An Integrated Social CRM Process

If there is a characteristic that makes the current conversation on Social CRM so interesting and challenging, it  is probably its intrinsic nature inherently disrespectful of departments, business functions, inside-outside boundaries, separate processes.

Even only to imagine an organization that is able to generate business value strategically and operationally putting the customer at the center probably requires smoother operations and more transparent, more integrated, more coordinated actions from all the constituent parts. As if you suddenly pass by a group of soloists in separate rooms to an entire orchestra that plays in equilibrium but around the notes of a new musician that nobody knows.

Why so giving yourself so much trouble? To transform the challenges of handling a social customer into an opportunity for greater productivity, responsiveness, trust, product quality, smaller costs, recognition of the brand. The question to me is how do not forget everything we put in place over the last decade while taking advantage of this opportunity?

A good starting point has been proposed generously by Jacob Morgan in his evolution of social CRM process:

Please read the post in which this model has been presented directly on Jacob’s blog but the basic insights to me are a stronger online-offline integration, the fact that all transactions (social or traditional) are mapped within CRM and the multidisciplinary team the company now needs to come back to the customer. This is a great inspiration and you should also read the good comments (including criticism) that really add to the model.

As a part of the Social CRM work I’m doing with Open Knowledge, I thought a lot about the approach Jacob proposed and I came to the conclusion that it misses some relevant parts:

  • The process is one way only: the company listens to what is said in social media or get information from the direct interaction with customers but there is no proactive action from the organization to the customer. This however is exactly what happens in the most advanced initiatives of Social CRM, i.e as part of social product development.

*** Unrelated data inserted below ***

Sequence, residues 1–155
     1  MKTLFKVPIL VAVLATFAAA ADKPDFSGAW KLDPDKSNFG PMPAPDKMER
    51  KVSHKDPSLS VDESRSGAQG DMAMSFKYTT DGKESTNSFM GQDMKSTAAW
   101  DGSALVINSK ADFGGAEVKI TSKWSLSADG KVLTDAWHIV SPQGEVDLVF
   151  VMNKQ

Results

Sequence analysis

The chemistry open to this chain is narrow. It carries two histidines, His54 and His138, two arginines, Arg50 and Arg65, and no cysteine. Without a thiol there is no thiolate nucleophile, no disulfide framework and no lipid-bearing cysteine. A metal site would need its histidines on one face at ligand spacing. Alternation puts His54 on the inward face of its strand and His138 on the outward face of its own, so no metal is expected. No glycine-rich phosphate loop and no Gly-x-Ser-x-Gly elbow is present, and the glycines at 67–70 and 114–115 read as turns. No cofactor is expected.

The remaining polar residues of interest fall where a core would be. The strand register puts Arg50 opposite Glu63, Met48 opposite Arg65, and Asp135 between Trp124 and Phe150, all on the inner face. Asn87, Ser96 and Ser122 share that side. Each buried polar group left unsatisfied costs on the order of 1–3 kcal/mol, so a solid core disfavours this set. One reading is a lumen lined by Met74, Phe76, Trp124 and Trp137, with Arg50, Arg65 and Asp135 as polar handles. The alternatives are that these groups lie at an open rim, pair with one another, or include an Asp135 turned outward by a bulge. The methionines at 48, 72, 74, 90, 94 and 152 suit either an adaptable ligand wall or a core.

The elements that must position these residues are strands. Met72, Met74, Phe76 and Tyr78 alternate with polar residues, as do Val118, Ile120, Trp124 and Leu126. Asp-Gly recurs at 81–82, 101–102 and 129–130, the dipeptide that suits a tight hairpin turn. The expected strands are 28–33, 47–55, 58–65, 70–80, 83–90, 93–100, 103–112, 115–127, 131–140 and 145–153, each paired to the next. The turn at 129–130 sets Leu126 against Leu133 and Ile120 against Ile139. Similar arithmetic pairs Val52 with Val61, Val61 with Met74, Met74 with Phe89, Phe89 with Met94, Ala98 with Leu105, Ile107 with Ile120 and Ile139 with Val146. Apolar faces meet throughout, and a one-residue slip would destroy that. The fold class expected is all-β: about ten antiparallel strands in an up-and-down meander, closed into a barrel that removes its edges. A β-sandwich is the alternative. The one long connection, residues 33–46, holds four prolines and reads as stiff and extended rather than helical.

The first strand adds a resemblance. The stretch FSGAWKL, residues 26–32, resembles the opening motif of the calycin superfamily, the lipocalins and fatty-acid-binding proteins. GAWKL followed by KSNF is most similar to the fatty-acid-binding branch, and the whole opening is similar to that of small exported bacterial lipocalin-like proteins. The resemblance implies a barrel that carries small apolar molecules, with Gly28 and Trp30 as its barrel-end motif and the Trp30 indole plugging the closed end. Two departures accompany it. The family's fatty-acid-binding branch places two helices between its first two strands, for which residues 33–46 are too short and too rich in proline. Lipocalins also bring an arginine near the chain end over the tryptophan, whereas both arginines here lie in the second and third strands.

• The answer is not social: like pioneers in the Social CRM are well aware, when you launch a new community what you are doing is signing an implicit contract with your audience. We can call it an SLA (Service Level Agreement) or just a set of expectations but users will expect from you real, accurate, timely answers taking into account their wishes. More than answers this is a real change born out of a community based solicitation but quickly crossing the entire company with its processes, behaviors, messages, tools. It is much more than communication .. here the marketing or community management is not enough to give the answers!
  • The answer is multidisciplinary and horizontal: with the Social CRM applications , you are opening the door to everything from social support to innovation, sales, communication. That’s why you need people engaged in different departments and even outside from actual departments
  • There are different types of community: in many cases a strategy of social media marketing in public spaces (Twitter, Facebook, Linkedin) is not enough. Many companies want to offer a unique experience to its customers by launching organization owned platforms whose interactions are bounced on social media and where listening is done via solutions for analytics and social intelligence more than with social media monitoring tools. While you can control everything that happens in a closed environment owned by the company, the boundaries of public communities are very difficult to define (that’s why in this diagram the relative box has irregular edges)
  • Every social exchange must be stored: in order to really understand what the customer is asking (perhaps implicitly) and respond not only in a coordinated but also in a consistent way, you must connect the customer profile with its online interactions. I mean every interaction, occurring with the company or with other customers on issues related to the product.

The model below attempts to extend the good work Jacob did while addressing these issues:

As you can easily imagine, the point that concerns me most is the fact that you can not really make Social CRM works (but the same could be said for good social media marketing initiatives) if you are not ready  to involve the entire organization, preferably before even starting with social media. Doing this requires an Enterprise 2.0 and a structure that maps external communities to appropriate internal interactions in order to socially produce the best answers and to implement smoothly/profitably the insights from the market.

Starting from the inside has also the effect of connecting different silos, helping them to trust each other and to gain the necessary sensitivity, beginnig to work together for the external community without necessarily waiting for the entire organization to evolve in a manner consistent with the needs of social media .

What do you think? What is missing or to be improved in this model?

This post is also available in: Italian

Emanuele Quintarelli

Social media enthusiast and Social Business Leader in EY. Research, reports and reflections about the introduction of web 2.0 inside the enterprise.